Loading...
You are here:  Home  >  The Scoop  >  Current Article

All Forage Bull Test Gearing Up For Year 3

By   /  September 1, 2014  /  3 Comments

    Print       Email
Learn more about the test by clicking here. I’m sending out this forward to let you all know i
    Print       Email

About the author

Morgan Hartman is a grazier and Founder/Managing Partner of Black Queen Angus Farm in Berlin, NY. He regularly can be found near a smoky fire with greasy fingers and a well-fed expression on his face. Less frequently he can be found actually working.

3 Comments

  1. Morgan Hartman says:

    While there are several all-forage development programs across the country and across many breeds, I don’t know of any that are fully research based.
    As a producer of registered cattle and a potential consignor, I wanted to see this test incorporate a minimum of 60 days of grazing to follow the stored forage phase of the test. That would have made the test a 200 day period.
    For many logistical reasons Cornell’s test facility could not accommodate the grazing portion of the test, so it’s not happening this year.
    What we do have is a 140 day period in which to track feed consumption, body condition, genomic testing, ultrasound, weight gain, fertility testing. All of us who sat around the table, researchers, producers and Extension Personnel want to see diversity of breeds represented and even strains within individual breeds. The maximum number of cattle the current facility can hold is currently pegged at 50. So that’s how many bulls are being accepted, with a maximum of 4 bulls per farm/ranch. If the total number of bulls consigned is less than 50, then producers with cattle already consigned will likely be asked to consign more to reach the maximum able to fit.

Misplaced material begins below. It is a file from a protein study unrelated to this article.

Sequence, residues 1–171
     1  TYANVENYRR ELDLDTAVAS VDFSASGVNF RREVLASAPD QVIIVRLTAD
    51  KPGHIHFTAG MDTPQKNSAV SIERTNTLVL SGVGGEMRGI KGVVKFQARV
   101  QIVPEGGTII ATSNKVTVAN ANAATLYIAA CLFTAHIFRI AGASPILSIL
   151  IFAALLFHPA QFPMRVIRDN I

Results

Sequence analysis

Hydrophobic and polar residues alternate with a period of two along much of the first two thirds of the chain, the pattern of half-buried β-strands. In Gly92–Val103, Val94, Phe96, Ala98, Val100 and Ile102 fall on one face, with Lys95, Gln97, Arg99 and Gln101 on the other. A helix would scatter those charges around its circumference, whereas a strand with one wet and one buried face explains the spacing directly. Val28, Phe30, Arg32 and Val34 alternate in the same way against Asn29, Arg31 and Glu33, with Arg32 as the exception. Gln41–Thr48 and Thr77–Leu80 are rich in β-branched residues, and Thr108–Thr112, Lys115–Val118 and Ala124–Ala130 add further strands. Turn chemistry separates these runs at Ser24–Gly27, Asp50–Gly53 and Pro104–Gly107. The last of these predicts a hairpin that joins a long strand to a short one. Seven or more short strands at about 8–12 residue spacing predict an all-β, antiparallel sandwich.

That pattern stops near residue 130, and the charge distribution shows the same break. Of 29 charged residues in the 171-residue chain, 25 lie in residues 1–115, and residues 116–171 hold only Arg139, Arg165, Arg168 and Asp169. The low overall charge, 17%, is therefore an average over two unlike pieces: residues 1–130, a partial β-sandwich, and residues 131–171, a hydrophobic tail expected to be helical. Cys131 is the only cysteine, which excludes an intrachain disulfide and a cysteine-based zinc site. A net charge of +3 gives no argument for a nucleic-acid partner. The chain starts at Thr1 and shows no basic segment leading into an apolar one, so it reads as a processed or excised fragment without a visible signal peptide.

From a research standpoint, and in order to reach statistically relevant conclusions, it is imperative to have large data sets. The hope is to have more people willing to consign than we have slots for. If this can be pushed in terms of interest and in terms volume, then the likelihood of the university responding to that by increasing volume/capacity to do further research will increase commensurately.
    I do know there is currently interest from producers as far away as the Sand Hills in Nebraska and Southeast Georgia.
    Hope that helps.

  2. Nice article–thanks for drawing attention to this. Are any similar tests or research studies happening in the western half of the country?

You might also like...

The Thinking Grazier – Tools for Expanding Your Brain

Read More →
Translate »